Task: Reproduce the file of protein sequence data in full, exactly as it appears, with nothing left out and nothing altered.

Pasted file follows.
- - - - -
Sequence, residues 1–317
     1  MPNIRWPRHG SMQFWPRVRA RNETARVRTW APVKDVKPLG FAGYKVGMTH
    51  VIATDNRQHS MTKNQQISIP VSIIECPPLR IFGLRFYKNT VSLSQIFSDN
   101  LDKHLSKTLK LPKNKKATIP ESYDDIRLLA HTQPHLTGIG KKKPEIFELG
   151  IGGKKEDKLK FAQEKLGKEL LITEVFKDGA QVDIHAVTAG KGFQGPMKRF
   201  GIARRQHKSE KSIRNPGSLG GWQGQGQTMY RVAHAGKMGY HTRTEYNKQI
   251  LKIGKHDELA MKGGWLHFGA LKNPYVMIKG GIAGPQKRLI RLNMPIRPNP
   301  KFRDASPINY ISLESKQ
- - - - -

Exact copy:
Sequence, residues 1–317
     1  MPNIRWPRHG SMQFWPRVRA RNETARVRTW APVKDVKPLG FAGYKVGMTH
    51  VIATDNRQHS MTKNQQISIP VSIIECPPLR IFGLRFYKNT VSLSQIFSDN
   101  LDKHLSKTLK LPKNKKATIP ESYDDIRLLA HTQPHLTGIG KKKPEIFELG
   151  IGGKKEDKLK FAQEKLGKEL LITEVFKDGA QVDIHAVTAG KGFQGPMKRF
   201  GIARRQHKSE KSIRNPGSLG GWQGQGQTMY RVAHAGKMGY HTRTEYNKQI
   251  LKIGKHDELA MKGGWLHFGA LKNPYVMIKG GIAGPQKRLI RLNMPIRPNP
   301  KFRDASPINY ISLESKQ